CALL SIGN RUSTIC is an abbreviated version of the Rustic's book "THE RUSTICS - A TOP SECRET AIR WAR IN CAMBODIA.
army troops entered
About the Author
The Birth of a Book
Call Sign Rustic. The Secret Air War over
actually started in 1995
after a chance meeting between Claude Newland
(Rustic 19) and
The first Rustic reunion was held in 1997 and the attendees were told that there was no record of what they had done. Worse, a lot of the Rustics, particularly the interpreters, had never received the decorations they had earned and never would if there was no record of the operation.
The mood of the attendees shifted from disbelief to anger and finally to indignation and resolve. There absolutely would be a record of what they had done and there would be action to obtain recognition for those who deserved it but never received it.
A committee of volunteers was formed and
duties were assigned. Jim Gabel
(Rustic Bravo) was in charge of historical research and became the
arbiter of the chronology of events and how Cambodian place names would
Cambodians who had worked with the
Rustics and were living in the
The final draft was sent out to the
15-member book committee for comment
and technical review.
The book was self-published in a limited number of copies strictly for ourselves. It was a coffee table-sized book with nearly 300 pages and close to 150 pictures. It was distributed at our next reunion in the fall of 1999 and we liked it.
At the reunion, the question of a commercial version came up. I was not optimistic, but I agreed to explore that with some publishers. Sure enough, the consensus among publishers was that it was too long, too technical, and too full of individual stories. Since we were there, it wasn't too long or too technical for us and we liked the individual stories. They were our stories.
After a lot of discussion, I agreed to rewrite the book and submit it for publication. Since most of the research and data collection had already been done, we agreed that the Rustic FAC Association would receive 75% of any royalties and they would be used primarily for Cambodian relief.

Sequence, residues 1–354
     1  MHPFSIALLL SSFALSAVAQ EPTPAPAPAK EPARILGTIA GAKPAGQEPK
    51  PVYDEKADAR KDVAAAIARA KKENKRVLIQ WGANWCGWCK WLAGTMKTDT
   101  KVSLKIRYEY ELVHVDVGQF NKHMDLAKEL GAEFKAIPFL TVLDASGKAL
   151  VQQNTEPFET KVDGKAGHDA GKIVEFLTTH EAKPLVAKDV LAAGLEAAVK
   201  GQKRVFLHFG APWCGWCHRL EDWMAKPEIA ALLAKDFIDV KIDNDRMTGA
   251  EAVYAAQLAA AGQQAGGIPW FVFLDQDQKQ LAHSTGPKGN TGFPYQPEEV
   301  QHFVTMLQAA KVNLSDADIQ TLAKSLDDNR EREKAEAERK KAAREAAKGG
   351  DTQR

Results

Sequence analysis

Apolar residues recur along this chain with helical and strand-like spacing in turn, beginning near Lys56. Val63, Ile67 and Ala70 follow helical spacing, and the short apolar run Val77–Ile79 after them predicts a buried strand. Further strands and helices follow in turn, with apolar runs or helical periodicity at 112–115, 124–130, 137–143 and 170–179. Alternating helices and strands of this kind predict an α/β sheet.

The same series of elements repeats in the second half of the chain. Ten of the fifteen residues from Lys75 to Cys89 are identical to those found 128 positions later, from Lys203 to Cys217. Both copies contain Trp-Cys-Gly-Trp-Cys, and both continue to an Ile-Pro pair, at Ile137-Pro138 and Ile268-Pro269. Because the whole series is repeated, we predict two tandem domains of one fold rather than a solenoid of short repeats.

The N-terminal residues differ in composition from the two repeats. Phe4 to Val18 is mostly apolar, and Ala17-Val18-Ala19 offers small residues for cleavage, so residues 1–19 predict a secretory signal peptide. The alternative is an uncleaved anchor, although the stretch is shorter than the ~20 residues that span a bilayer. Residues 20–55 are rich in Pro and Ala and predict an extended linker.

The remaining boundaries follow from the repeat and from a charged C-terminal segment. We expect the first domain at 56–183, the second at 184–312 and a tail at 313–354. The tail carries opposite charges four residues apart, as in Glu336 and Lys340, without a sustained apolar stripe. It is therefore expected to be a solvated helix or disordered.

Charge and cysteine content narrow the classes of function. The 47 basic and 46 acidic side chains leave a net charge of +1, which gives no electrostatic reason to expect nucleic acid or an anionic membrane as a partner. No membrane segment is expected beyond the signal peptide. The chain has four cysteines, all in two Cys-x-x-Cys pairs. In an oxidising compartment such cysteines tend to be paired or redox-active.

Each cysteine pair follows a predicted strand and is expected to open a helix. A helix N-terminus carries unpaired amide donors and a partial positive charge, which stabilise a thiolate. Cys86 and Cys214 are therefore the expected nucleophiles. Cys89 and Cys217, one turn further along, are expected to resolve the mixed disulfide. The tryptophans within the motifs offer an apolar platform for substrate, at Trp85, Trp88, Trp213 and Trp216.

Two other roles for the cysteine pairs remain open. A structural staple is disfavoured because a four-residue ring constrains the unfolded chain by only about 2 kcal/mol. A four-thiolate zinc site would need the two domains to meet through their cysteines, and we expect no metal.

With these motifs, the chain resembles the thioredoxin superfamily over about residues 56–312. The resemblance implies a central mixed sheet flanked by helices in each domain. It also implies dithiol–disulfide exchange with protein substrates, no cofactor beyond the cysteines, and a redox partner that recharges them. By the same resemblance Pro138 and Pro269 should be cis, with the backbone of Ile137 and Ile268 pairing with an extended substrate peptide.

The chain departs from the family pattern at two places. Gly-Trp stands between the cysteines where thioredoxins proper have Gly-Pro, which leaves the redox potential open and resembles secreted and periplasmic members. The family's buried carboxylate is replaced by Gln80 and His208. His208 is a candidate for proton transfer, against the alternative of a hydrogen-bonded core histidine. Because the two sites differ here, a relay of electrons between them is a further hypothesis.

The book was completely rewritten to the standards of the Smithsonian Institution Press. Mark Gatlin, the Smithsonian Editor for Aviation and Military History, was very helpful. The rewrite took about a year and without Mark's suggestions and encouragement, I don't think there would be a book.
The act of writing the book turned out to be an interesting experience for me. The Rustic operation lasted a little over three years and the standard combat tour for air force personnel was generally limited to one year. Thus none of us experienced the entire operation from start to finish. I was there when it started and I was fascinated to learn all that had happened after I left. When the end came in August of 1973, I could feel the same frustration and disappointment felt by those who were actually there. I hope I've been able to pass a little of that feeling on to the reader.
Call Sign Rustic
was published in 2002 and can be
purchased directly from the Rustic Store.
I hope you enjoy reading about this small and unrecorded
American history. It was one of the few positive things to come out of
Rustic 11, Col (ret) Dick Woods passed away on 31 May 2013